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Some Funky Ideas About Breakfast

When life overwhelms you, experts suggest:
— One thought at a time.
— One task at a time.
— One beer at a time.
OK, that last tip was mine. Hydration is vital, especially in the warmer months (January through December).
Similarly, I just ran across a new recipe for iced coffee:

  1. Have kids
  2. Make coffee
  3. Forget you have coffee
  4. Drink the coffee cold
    Been reading a lot of old Calvin & Hobbes lately — my Leviticus, my user guide to life. From what I can tell, Calvin represents the id, and Hobbes the ego, if my understanding of Freudian psychoanalytics holds 45 years after sleeping through class.
    To be honest, I like impulsive people such as Calvin, the dolts who don’t think things through. Aren’t they fun? Want some? I’ll send Bittner right over. Or my lawyer, Billable Bob.
    There’s this one strip where Calvin is ticking off the things he doesn’t like: crumbs in the butter, skin on chocolate pudding, dried-out ketchup on the bottle rim. Hobbes weighs in with “excessively negative people.”
    My takeaway: Our little quirks define us. Flaws make us better friends.
    I also enjoy when a high sense of determination — or moral certitude — goes very wrong, as in politics, or those roadrunner cartoons.
    “Don’t quit before the miracle,” the great writer Anne Lamott once advised.
    When I first read that, I thought: “Wait, there are miracles? Can you order them online? Do they cost the same, big or small?”
    Personally, I’ve experienced only one actual miracle. Maybe I told you this?
    I was painting the ceiling in the kitchen, on an eight-foot ladder. I over extended and we all fell: me, the ladder, the bucket of paint, everything. In mid-air, I managed to snag the bucket of paint and land on my feet, not spilling a drop.
    That was the hand of God, obviously. He coptered me, in slow motion, back to Earth.
    You were probably figuring that I’d list my kids as miracles. Honestly? Have you even met them?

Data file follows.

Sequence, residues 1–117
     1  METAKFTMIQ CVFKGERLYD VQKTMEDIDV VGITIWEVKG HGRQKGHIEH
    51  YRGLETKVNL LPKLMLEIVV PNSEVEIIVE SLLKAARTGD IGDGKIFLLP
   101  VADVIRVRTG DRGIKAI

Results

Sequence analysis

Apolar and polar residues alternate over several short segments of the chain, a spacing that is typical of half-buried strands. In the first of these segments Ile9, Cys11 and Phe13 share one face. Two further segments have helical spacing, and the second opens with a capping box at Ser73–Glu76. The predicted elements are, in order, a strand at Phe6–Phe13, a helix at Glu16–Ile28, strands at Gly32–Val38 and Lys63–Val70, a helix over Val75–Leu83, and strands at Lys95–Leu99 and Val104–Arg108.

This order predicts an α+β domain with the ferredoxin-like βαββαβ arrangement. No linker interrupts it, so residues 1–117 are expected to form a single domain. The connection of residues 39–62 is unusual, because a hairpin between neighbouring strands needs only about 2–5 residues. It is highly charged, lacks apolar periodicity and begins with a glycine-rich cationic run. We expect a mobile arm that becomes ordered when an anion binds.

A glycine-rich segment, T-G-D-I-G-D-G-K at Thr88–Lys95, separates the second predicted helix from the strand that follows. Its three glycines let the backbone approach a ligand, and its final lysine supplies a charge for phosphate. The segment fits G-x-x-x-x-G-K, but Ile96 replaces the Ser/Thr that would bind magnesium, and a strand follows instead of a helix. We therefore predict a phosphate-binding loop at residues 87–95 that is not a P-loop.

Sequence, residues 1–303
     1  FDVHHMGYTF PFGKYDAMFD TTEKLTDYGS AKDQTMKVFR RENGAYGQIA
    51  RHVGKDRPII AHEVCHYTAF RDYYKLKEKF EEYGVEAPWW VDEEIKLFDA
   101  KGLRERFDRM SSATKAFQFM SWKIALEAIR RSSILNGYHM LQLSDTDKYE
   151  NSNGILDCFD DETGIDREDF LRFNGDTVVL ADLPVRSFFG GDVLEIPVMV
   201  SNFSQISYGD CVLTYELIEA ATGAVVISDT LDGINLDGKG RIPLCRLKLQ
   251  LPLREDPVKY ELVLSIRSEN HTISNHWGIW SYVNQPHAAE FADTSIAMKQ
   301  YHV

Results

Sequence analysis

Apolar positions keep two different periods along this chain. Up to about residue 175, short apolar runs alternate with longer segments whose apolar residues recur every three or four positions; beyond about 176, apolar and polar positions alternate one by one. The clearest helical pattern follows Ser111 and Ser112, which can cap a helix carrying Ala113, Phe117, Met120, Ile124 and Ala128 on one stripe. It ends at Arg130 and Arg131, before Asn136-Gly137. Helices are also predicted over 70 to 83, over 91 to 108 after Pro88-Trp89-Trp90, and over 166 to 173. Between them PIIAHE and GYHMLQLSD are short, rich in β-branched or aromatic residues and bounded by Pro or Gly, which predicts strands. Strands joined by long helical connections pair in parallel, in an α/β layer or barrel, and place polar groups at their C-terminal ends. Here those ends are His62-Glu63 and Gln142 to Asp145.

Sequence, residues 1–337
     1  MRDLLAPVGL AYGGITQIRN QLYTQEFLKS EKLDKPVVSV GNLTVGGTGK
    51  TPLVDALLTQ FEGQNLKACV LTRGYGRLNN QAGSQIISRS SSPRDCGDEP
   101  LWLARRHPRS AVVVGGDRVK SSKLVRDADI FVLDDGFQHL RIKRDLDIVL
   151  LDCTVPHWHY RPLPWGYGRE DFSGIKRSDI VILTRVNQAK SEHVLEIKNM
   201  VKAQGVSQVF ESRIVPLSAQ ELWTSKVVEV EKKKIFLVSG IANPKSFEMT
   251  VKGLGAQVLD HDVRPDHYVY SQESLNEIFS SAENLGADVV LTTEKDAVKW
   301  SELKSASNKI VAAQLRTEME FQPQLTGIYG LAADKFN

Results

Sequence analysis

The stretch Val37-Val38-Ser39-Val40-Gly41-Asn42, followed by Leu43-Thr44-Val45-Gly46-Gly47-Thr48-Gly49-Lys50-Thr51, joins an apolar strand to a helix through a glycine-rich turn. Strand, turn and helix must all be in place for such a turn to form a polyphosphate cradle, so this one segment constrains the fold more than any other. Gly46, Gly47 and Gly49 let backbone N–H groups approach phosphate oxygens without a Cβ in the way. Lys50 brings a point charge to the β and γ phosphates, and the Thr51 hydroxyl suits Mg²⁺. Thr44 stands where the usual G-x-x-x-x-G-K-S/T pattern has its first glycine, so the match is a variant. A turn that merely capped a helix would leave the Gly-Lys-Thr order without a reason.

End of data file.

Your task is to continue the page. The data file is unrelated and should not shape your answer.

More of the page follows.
Look, our grand plan was to buy a tiny house and fill it with books and kids, yet when we were done, we had more kids than books, and I could never find the road atlas that I liked to pull out on bad days to dream about going somewhere else — dear God, anywhere — to soothe my wanderlust and quixotic sense of adventure.
    I mean, young kids can be such an anchor, right? Especially the mouthy ones.
    They say your bookcase is an ancestral portrait, and by the time we finished decorating the house we had four kids and three books and no atlas … no ancestral portraits at all. I’d like to think the house at the time reflected the chaos of a young family’s life. Just heavenly. Every place you’d walk, you’d step on a Lego or a broken dream.
    By the way, two of our books were about breastfeeding, and other one was a book on wiring.
    Yet, an eternal spring fills my heart, to borrow from Victor Hugo. On that note, I took the grandbaby to breakfast the other day, at a modest little place in Santa Monica, where the pancakes and the bacon, plus a small glass of orange juice, ran me 35 bucks. That bought me an hour with the cheeriest person I know. I call her Cakes.
    As breakfast dates go, I’d label it a sonnet — a moment within a moment. Suddenly I realized what everyone’s been saying: grandkids are our unexpected inheritance.
    At the little wrought iron table, I watched in abject horror as Cakes kept eating pads of butter and downed three slices of bacon, which she triple-dipped in the butter, then the syrup, then winked at me like a bank robber on Christmas Eve.
    In L.A., everyone is a bossy nutritionist, so almost everybody would suggest that pads of butter are not a healthy side dish for a 2-year-old. Yet, I would argue that if you smear it all over your pancakes does that make butter any better for you? Not actually.
    Besides, as Steven Wright once said, “You can train cats to do anything they want to.” Same goes for toddlers.
    Plus, at the pediatrician’s office the other day, Cakes registered in the 3 percentile on weight, which means she weighs as much as this comma, or that sparrow in the tree. She weighs as much as a passing thought, a sudden urge, a broken promise … a puppy’s kiss, that penny in your pocket.
    “Should we be worried?” her mother asked.
    No, the doctor said. She’s perfect.
    Well, I don’t know. She’s a little headstrong when it comes to dairy. And she’s got some funky ideas about breakfast: Essentially, she doesn’t like pancakes, even this stack of pillows that cost me 35 bucks.
    Which really isn’t bad, when you think about it. Not these days anyway. Not for what you get.
    For past columns, go to ChrisErskineLA.com. Email the author at Letters@ChrisErskineLA.com.


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